One of the principal components of the nationwide parks and recreation Benefits campaign was the explicit emphasis placed on “bragging” about success, a proposed behavior that made many recreation managers feel ambivalent, if not uncomfortable. It’s not that they weren’t proud of their accomplishments, it just “didn’t seem right” to toot their own horns. Didn’t everyone already know in their hearts about the good work performed by recreation organizations?
The problem, then and now, is that the entrepreneurial environment within which all sectors operate (public, nonprofit and private alike) mandates that managers either quantify--and “crow”--about their worthy achievements, or they will be “eating crow” as participants are drawn away to competitors’ programs. Given this stark contrast, a savvy manager insures that the good word saturates the market by creating a balance among five promotional options.
Five Promotional Options
Essentially, a thorough campaign combines paid (“dollars”) and unpaid (“common sense”) initiatives involving personal or impersonal contact with existing and potential participants or stakeholders (See Figure 1). The distinction between paid and unpaid is simple: If money is spent from your budget, it’s paid. If someone else invests resources on your behalf, it’s unpaid. Similarly, personal refers to real-time, face-to-face encounters, while impersonal is mediated by a go-between; you don’t really know who--if anyone--is receiving your message because you and your intended audience are separated by a third party, and not in the same place at the same time.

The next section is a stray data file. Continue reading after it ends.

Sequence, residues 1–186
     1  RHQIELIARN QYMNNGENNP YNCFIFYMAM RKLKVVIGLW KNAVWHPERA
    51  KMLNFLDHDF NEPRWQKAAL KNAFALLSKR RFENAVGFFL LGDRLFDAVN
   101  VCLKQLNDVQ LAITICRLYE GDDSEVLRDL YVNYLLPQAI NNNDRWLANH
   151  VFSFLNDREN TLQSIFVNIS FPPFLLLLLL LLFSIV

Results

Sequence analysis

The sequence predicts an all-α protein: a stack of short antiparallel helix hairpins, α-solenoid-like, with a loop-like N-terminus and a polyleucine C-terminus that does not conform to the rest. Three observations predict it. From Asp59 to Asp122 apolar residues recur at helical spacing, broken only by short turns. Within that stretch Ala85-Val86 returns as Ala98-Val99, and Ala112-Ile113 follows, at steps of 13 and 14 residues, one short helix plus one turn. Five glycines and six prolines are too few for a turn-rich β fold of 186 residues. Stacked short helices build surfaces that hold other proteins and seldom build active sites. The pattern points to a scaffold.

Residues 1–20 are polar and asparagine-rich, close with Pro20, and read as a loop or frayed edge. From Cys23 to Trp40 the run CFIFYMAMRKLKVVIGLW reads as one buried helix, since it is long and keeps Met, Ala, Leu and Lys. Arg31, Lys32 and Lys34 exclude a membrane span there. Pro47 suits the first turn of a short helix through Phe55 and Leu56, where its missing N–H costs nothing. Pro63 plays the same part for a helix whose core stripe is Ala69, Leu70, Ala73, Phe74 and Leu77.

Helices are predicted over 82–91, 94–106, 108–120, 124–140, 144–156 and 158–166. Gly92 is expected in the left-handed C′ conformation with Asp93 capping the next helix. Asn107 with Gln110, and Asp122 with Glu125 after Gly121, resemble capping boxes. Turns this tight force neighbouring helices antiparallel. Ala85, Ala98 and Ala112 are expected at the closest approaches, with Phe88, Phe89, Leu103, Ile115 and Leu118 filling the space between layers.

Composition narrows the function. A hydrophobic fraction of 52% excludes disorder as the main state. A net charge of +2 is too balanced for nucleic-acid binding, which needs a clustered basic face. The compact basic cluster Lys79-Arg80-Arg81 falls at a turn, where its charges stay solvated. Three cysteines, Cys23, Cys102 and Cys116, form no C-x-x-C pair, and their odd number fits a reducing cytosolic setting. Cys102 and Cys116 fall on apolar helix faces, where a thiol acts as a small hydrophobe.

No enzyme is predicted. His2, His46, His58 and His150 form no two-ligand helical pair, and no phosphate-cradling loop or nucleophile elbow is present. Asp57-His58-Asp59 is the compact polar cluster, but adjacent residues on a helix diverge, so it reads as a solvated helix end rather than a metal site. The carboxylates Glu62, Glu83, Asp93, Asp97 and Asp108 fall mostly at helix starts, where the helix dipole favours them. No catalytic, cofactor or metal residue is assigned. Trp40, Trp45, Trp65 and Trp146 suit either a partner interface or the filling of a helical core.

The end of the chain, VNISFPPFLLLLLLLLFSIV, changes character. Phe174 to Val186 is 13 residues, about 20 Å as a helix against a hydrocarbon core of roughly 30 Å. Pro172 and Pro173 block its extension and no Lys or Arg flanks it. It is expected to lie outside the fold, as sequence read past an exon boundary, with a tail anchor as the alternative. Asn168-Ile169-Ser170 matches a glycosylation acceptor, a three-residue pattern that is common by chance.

1. Advertising --The lower-left quadrant in Figure 1 depicts the paid/impersonal option, entitled “Advertising.” You spend money from your budget to purchase newspaper space, for example, but you’re not certain who will buy or read the newspaper that day, or even whether they will notice your ad. This tactic relies on “broadcasting” your information in the hope that enough people will receive your message to justify the cost of sending it.
2. Personal Selling --A more targeted version of this method is shown in the upper-left quadrant, representing the paid/personal option, also known as “Personal Selling.” In this case, you hire someone--a marketing consultant, for example--to meet with individuals or groups of people in person. In this instance, dialogue is initiated, allowing a meaningful conversation to take place during which your message is effectively delivered.
3. Publicity --In the lower-right quadrant is “Publicity,” an unpaid/impersonal option involving someone outside your organization--say, a magazine reporter--writing an article featuring your program. In effect, the magazine is footing the bill, and you are receiving “free” promotion.
4. Personal Recommendation --The unpaid/personal option, located in the upper-right quadrant, is the “Personal Recommendation” garnered when your participants are so pleased with your programs that they venture forth to tell the world about your wonderful organization. As a combination of satisfaction and advocacy, this testimony truly is “priceless.”